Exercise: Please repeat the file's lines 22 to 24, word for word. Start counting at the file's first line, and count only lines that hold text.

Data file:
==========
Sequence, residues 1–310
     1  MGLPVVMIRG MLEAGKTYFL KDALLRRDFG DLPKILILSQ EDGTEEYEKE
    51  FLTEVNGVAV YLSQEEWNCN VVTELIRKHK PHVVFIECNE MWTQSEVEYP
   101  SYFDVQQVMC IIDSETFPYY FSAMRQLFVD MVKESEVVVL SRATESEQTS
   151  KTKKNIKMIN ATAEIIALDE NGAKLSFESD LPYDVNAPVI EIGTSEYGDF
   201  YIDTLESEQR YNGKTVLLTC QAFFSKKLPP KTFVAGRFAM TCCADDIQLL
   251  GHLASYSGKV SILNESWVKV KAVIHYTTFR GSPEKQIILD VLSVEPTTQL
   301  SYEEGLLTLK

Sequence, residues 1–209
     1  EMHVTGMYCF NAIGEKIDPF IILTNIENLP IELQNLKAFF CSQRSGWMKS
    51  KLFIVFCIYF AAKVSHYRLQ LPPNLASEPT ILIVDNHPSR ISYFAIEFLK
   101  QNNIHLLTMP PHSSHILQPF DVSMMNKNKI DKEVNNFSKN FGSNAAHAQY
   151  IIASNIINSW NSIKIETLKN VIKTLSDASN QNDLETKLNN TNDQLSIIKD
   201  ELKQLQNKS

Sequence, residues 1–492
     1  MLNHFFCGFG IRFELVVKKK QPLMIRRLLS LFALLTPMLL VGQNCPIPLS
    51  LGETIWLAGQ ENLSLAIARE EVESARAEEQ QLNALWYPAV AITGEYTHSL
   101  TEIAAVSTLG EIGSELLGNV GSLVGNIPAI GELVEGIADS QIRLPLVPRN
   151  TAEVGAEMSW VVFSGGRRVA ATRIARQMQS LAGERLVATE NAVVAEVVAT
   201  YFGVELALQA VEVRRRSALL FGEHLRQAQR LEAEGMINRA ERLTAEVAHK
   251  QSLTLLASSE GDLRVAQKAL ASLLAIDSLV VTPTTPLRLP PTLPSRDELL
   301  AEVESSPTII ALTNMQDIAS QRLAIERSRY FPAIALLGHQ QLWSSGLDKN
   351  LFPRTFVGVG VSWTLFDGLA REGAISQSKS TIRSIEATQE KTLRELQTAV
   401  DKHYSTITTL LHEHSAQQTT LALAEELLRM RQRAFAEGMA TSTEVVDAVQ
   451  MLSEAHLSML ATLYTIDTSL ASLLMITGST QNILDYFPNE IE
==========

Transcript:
   301  AEVESSPTII ALTNMQDIAS QRLAIERSRY FPAIALLGHQ QLWSSGLDKN
   351  LFPRTFVGVG VSWTLFDGLA REGAISQSKS TIRSIEATQE KTLRELQTAV
   401  DKHYSTITTL LHEHSAQQTT LALAEELLRM RQRAFAEGMA TSTEVVDAVQ